The next time you are in church, look around, and you will likely see a generation of people. You will see some newborns and you will see some of the dear saints in their nineties. This is the length of a generation - somewhere between 70-100 years. Tsarfati, Amir. (March 3, 2020) The Day Approaching: An Israeli's Message of Warning and Hope for the Last Days, pg. 32. Eugene, OR: Harvest House Publishers 

Tsarfati contradicts himself and re-defines what he considers to be a generation in an interview where he describes himself as a "second generation" Israeli:

And here I am. A grandson of holocaust survivors... They moved all the way to Israel to start afresh... But here we are, and now I'm the second generation. I was born in Jerusalem, Jerusalem. Amir Tsarfati in When the Times of the Gentiles Expires (time 14:15-15:07, video source, 6/4/2021)

So if Tsarfati is the second generation to be born in Israel, and his parents were the first, then a generation cannot be between 70 and 100 years as he states in his book. If his parents were first generation Israelis, that means they were born sometime in or after 1948. Since Tsarfati is 48 years old, he would have born when his parents were about 25 years old. Hence, the length of a generation in this case is 25 years.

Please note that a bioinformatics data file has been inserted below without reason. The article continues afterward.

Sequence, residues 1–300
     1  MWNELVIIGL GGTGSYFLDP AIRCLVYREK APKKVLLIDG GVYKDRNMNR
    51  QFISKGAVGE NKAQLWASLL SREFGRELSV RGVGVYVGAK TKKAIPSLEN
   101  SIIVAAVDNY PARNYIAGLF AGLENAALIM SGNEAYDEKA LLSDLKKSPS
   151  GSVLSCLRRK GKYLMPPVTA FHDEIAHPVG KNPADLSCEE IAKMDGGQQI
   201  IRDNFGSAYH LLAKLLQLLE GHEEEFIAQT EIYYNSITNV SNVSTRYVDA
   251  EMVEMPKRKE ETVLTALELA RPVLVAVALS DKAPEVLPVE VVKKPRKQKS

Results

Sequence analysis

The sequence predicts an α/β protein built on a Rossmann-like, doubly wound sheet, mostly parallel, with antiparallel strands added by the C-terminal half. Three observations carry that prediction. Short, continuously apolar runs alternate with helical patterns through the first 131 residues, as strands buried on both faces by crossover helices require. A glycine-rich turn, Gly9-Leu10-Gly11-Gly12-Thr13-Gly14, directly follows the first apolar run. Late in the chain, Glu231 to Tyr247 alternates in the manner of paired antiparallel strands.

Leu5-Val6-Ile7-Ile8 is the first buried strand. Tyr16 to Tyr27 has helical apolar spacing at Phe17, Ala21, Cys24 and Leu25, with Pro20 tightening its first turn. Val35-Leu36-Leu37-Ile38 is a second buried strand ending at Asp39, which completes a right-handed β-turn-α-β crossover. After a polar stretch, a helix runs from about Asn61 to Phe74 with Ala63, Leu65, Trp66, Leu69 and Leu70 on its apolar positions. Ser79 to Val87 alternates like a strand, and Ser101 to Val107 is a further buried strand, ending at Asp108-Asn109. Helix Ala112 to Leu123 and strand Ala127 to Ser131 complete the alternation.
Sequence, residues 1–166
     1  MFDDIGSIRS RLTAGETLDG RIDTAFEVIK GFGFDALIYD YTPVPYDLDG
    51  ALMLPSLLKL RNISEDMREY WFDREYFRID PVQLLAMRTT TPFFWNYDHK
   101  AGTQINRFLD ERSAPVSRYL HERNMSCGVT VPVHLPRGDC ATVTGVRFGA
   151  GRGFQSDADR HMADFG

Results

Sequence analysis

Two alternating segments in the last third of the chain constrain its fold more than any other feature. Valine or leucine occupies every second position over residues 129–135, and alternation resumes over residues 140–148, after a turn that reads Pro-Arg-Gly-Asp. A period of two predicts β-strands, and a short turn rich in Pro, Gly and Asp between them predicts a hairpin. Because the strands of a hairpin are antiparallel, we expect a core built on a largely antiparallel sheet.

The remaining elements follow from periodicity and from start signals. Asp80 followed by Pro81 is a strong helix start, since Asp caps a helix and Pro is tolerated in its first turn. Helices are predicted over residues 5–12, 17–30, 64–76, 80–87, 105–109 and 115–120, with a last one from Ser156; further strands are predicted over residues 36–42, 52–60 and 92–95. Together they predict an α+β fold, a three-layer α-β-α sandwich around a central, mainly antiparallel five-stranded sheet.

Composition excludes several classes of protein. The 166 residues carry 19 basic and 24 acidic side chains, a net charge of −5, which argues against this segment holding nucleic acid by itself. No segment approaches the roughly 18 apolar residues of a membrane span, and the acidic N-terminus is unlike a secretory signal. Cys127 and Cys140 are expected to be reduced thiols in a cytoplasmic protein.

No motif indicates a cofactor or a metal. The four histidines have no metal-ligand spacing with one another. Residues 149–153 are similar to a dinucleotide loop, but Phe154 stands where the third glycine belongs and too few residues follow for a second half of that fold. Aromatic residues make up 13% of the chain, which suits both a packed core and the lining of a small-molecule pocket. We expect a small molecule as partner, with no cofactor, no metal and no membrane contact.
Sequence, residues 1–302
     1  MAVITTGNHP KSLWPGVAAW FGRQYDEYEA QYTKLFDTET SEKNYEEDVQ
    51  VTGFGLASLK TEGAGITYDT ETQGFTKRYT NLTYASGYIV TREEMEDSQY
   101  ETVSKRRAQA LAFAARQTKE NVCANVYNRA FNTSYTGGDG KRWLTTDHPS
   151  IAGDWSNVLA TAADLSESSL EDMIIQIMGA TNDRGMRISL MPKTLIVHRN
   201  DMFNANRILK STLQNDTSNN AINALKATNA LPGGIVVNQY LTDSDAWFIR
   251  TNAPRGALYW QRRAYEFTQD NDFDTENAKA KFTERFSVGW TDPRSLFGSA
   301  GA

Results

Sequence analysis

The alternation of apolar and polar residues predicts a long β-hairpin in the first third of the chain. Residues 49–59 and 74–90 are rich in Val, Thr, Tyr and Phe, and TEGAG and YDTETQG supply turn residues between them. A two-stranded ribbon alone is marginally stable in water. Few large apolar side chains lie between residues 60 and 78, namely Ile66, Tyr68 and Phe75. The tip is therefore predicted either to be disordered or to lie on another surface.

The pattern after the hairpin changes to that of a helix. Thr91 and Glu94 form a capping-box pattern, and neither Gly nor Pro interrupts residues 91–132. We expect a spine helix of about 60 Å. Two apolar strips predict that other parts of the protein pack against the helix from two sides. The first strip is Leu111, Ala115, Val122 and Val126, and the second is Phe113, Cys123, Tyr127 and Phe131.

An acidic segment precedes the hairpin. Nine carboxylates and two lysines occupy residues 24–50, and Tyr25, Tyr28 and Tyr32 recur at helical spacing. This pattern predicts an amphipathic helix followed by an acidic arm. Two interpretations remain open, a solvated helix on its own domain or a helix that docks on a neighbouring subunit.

As we have seen, in order to maintain modern Israel's relevance in Bible prophecy, Pre-Tribbers would rather violate the meaning of Scripture, than admit that Israel is not God's prophetic clock. Unfortunately, the length of a Biblical generation is not the only End Time component that Premillennialists have had to reinvent over the years. Sadly, they will find new ways to interpret any passage of Scripture in order to fit their Doomsday-Rapture theory into current world events.

Sabz, S. (2021, June 4). Pre-Tribbers: A Confused Generation. Retrieved from https://scienceandbibleresearch.com/pre-tribbers-confused-generation.html

Steve Sabz

Steve Sabz

Steve Sabz is the author and founder of Science and Bible Research. He is a professional educator with a Bachelor of Science degree in Exercise Physiology from William Paterson University, where he also completed graduate level courses in Human Physiology and Endocrinology. Steve has been studying theology since 2015 and has successfully completed seminary level courses in Textual Criticism, Biblical Hermeneutics, Eschatology, Puritan Theology, Ancient Church History, Soteriology, Biblical Theology, Prolegomena, and Biblical Greek from Puritan Reformed Theological Seminary, Southern Baptist Theological Seminary, and Dallas Theological Seminary. Steve is also the author of Evolution's Complexity Problem: See How Evolution Falls Apart At Its Beginning and End Time Rewind: An Exploration In Bible Prophecy And The Fate Of The World.